Satisfied her savings were secure and safely hidden, Megan sat for a minute staring out the front window. Gusts of wind were blowing, keeping the windshield clear. The parking lot was empty except for two cars parked by the front entrance. It was the cleaning crew: Tim and Ramon, two twenties something guys who would spend the night getting the store ready for when it opened at six in the morning on today, already, Christmas Eve.

Then the snow started falling again, a sure sign it wouldn’t be getting too cold tonight, maybe ten degrees or so. She watched, mesmerized by the way the flakes drifted past the tall flood lights, sometimes swirling like tiny ballerinas dancing in the night. Soon she felt her eyes getting heavy so before she nodded off she roused herself. There was one more thing left to do.

She reached over the back seat for her shoulder bag and took out the twinkle lights, snow globe and doll. She ever so carefully took the lights out of their packaging and strung them around the inside of the car and turned them on. The snow globe she set on the dash. She was surprised to find that it was also a little music box. She tried it out for just a moment, not wanting to wake her daughter. The song was ‘Silent Night.’ Perfect. Finally, she took out the Rainbow Barbie and looked at it, grinning to herself and thinking, ‘How she comes up with these things, I’ll never know.’ Smiling now, in a good mood, she wrapped the doll inside the special stocking cap she had bought a few weeks earlier at the Dollar Store. It was an ‘Elsa’ hat and had long golden braids hanging from it just like the main character from the movie. She wrapped both items in a Target plastic bag as carefully and as quietly as she could, and set the package on the dash panel next to the snow globe. There, she thought to herself, all set.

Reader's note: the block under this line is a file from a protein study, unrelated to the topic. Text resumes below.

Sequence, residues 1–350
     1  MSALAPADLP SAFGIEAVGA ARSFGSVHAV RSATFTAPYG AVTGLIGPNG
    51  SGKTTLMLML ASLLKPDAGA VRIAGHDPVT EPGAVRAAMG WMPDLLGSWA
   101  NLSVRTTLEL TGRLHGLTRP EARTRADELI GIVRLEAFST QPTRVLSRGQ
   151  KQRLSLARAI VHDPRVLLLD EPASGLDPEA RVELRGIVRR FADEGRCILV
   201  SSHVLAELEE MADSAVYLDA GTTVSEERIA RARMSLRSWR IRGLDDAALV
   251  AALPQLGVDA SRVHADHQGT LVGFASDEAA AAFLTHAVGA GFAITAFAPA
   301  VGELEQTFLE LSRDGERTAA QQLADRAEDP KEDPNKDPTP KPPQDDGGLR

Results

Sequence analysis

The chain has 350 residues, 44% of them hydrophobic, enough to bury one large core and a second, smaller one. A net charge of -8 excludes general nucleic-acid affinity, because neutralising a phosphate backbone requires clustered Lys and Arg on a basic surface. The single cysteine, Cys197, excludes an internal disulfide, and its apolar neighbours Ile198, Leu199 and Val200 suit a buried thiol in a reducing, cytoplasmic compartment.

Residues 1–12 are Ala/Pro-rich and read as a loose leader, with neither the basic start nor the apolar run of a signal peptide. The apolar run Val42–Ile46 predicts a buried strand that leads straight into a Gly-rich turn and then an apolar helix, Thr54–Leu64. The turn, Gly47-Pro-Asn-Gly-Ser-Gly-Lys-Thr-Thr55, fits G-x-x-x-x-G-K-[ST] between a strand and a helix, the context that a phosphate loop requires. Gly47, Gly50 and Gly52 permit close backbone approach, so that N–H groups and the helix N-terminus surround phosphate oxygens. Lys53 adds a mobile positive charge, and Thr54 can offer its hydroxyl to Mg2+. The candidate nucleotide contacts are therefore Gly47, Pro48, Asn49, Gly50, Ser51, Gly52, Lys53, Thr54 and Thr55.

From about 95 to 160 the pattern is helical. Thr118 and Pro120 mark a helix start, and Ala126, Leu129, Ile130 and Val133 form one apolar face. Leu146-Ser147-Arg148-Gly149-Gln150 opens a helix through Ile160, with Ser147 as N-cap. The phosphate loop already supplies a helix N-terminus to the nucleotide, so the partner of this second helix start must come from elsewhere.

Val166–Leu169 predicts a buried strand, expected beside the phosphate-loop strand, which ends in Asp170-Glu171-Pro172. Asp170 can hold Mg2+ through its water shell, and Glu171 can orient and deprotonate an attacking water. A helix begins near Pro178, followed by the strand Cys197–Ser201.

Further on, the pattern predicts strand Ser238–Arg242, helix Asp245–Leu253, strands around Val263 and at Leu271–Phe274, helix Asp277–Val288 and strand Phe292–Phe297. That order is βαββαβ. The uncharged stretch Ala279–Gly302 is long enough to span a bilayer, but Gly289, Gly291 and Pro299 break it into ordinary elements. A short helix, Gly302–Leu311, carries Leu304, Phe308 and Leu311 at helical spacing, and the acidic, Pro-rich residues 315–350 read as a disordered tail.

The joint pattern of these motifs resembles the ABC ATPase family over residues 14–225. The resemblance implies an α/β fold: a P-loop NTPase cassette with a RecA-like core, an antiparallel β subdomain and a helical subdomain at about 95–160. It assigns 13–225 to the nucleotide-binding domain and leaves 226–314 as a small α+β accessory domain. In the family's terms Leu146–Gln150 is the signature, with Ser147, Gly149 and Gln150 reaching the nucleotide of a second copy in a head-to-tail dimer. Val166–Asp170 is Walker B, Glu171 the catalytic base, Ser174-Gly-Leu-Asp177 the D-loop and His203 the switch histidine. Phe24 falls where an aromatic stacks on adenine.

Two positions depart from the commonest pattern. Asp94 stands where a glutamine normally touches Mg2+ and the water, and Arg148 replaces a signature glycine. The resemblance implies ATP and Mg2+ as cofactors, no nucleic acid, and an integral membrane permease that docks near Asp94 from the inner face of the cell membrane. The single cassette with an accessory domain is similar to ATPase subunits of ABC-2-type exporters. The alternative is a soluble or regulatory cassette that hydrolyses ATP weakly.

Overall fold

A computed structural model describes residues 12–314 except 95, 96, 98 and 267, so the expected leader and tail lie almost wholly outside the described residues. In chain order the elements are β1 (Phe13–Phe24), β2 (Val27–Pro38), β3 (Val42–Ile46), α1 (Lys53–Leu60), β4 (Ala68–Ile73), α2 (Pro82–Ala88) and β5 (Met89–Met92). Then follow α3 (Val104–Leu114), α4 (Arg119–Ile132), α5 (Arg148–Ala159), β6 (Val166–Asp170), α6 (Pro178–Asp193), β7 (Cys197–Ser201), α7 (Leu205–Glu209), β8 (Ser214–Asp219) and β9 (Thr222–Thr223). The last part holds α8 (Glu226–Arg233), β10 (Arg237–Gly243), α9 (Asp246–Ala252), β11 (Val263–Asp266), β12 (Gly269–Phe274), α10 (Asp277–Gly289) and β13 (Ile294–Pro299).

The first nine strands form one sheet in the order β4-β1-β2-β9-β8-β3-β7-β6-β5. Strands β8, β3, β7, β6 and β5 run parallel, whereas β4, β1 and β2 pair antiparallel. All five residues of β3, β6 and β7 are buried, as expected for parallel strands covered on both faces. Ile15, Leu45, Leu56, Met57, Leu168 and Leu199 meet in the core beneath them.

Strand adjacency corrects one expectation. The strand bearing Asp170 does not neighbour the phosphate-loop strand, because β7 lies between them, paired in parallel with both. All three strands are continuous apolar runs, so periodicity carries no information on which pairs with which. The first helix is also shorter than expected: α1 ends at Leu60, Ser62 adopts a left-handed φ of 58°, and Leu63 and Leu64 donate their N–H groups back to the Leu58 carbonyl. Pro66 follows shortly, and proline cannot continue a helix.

Then she slipped off her boots, put on her own thick socks and pulled her feet up onto the seat and tucked them under her for warmth. She looked out over the parking lot. The snow falling was peaceful, nearly obscuring what little traffic there was a quarter mile away on the highway. The world was shutting down. Megan went through the list in her mind of what she would be doing tomorrow, Christmas Eve: she had to work from three in the afternoon until ten. Until then she and Little Lisa would go to a public library she knew would be open from ten in the morning until noon. It would be the highlight of their day. Little Lisa liked the children’s section and they could read books together until closing. Then, before going to work, they would go to a nearby big box store and wander around, staying warm and, hopefully, not drawing any attention to themselves. And, most importantly, she promised herself to resist any potential last minute holiday temptation and not take anything.

But there was one final thing to do on this late, wintery night. She leaned over and shook Little Lisa gently. “Hey there, sleepy head,” she said rubbing her hand over her daughter’s tiny shoulder, caressing her softly, “Look what happened while you were asleep.”

And while Little Lisa woke up, Megan looked around the car: the white lights were on, casting a magical glow inside, reflecting off the snow that was covering the windshield. Some of the snowflakes outside on the glass even twinkled, adding to the feeling of wonder in the car. Megan was inspired to star humming, “Silent Night,” just like the snow globe.

“Momma, look at this,” Little Lisa pointed when she had finally come awake. “Look at the pretty lights.” She excitedly pushed out of her blanket and sleeping bag and pulled off her mittens, scarf and stocking cap, and sat up in stunned silence, gazing around, her face lit by the magical lights as well as her happy smile.